Using response behaviour theory to solicit survey participation in consumer research: An empirical study

Felicitas EVANGELISTA, Shing Chung, Patrick POON, Gerald ALBAUM

Research output: Journal PublicationsJournal Article (refereed)Researchpeer-review

5 Citations (Scopus)

Abstract

The purpose of this article is to report on research that examines survey participation rates (i.e. response rates) for personal interview surveys where solicitation for participation is based on different theories of survey-response behaviour in two culturally distinct countries. Field experiments were designed to investigate the extent to which the theories of exchange, cognitive dissonance, self-perception, and involvement/commitment can influence potential respondents to participate in a personal interview survey in Australia and Hong Kong. The results show that there were significant differences in Australia with the theory of self-perception having the strongest impact on survey-response behaviour, while cognitive dissonance has the least impact. In contrast, the effects in Hong Kong were not significant. This study adds to the limited empirical research regarding why consumers participate in surveys, particularly personal interview surveys. The theories are applied at the self-introduction and invitation to participate, which is a crucial stage in the potential respondent's decision about participation.
Original languageEnglish
Pages (from-to)1174-1189
Number of pages16
JournalJournal of Marketing Management
Volume28
Issue number9-10
DOIs
Publication statusPublished - 1 Jan 2012

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Participation
Empirical study
Consumer research
Hong Kong
Self-perception
Cognitive dissonance
Response rate
Participation rate
Field experiment
Empirical research

Cite this

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title = "Using response behaviour theory to solicit survey participation in consumer research: An empirical study",
abstract = "The purpose of this article is to report on research that examines survey participation rates (i.e. response rates) for personal interview surveys where solicitation for participation is based on different theories of survey-response behaviour in two culturally distinct countries. Field experiments were designed to investigate the extent to which the theories of exchange, cognitive dissonance, self-perception, and involvement/commitment can influence potential respondents to participate in a personal interview survey in Australia and Hong Kong. The results show that there were significant differences in Australia with the theory of self-perception having the strongest impact on survey-response behaviour, while cognitive dissonance has the least impact. In contrast, the effects in Hong Kong were not significant. This study adds to the limited empirical research regarding why consumers participate in surveys, particularly personal interview surveys. The theories are applied at the self-introduction and invitation to participate, which is a crucial stage in the potential respondent's decision about participation.",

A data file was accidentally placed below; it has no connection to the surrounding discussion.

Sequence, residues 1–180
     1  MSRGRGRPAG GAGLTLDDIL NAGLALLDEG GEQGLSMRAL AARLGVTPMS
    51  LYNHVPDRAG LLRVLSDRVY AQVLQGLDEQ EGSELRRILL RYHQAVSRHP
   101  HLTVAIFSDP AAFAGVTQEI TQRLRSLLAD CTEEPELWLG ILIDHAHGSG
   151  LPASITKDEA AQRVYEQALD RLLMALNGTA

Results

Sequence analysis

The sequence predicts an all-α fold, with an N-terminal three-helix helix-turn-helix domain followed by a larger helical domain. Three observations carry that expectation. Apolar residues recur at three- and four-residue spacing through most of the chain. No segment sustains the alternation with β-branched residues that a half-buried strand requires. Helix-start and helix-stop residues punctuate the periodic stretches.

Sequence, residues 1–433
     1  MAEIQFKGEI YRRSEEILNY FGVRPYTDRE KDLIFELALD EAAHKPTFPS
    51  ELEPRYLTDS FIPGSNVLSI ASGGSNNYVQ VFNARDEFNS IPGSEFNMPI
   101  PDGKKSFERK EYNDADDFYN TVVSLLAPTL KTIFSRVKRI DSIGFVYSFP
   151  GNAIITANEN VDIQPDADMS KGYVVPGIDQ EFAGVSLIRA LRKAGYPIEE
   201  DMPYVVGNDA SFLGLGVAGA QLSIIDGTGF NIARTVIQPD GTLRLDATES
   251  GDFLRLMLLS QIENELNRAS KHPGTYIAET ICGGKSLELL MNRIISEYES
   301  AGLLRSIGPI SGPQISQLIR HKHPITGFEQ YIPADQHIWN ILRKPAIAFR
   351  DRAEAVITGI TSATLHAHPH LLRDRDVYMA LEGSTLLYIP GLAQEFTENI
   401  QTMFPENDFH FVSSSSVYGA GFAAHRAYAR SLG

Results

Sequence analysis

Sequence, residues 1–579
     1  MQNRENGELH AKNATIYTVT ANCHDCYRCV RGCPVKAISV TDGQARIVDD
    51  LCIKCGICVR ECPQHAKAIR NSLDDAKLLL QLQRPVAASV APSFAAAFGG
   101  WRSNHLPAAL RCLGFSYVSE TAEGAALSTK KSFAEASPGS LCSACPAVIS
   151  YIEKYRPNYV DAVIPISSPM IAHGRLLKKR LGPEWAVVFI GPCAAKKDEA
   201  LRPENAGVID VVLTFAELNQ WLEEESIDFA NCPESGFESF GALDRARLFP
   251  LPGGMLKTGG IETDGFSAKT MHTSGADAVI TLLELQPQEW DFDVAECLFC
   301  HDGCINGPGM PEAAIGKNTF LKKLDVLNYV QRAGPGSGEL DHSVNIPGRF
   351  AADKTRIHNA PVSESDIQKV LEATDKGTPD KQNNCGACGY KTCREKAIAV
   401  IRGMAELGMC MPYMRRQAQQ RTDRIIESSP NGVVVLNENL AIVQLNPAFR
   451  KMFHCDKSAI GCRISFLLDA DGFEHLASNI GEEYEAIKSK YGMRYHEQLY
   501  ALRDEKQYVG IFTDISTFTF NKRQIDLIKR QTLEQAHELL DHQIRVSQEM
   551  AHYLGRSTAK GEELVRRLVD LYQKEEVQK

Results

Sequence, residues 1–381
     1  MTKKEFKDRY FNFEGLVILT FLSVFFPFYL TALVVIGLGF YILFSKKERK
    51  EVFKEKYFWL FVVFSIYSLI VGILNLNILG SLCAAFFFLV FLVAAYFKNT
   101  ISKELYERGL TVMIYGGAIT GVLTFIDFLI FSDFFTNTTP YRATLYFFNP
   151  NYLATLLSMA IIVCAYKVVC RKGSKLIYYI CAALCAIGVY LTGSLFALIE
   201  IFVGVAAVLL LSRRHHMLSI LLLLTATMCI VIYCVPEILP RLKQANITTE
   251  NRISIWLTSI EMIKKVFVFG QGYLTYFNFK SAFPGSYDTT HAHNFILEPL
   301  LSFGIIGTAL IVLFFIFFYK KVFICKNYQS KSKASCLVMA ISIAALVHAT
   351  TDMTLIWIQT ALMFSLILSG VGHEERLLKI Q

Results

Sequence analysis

author = "Felicitas EVANGELISTA and POON, {Shing Chung, Patrick} and Gerald ALBAUM",
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Using response behaviour theory to solicit survey participation in consumer research: An empirical study. / EVANGELISTA, Felicitas; POON, Shing Chung, Patrick; ALBAUM, Gerald.

In: Journal of Marketing Management, Vol. 28, No. 9-10, 01.01.2012, p. 1174-1189.

Research output: Journal PublicationsJournal Article (refereed)Researchpeer-review

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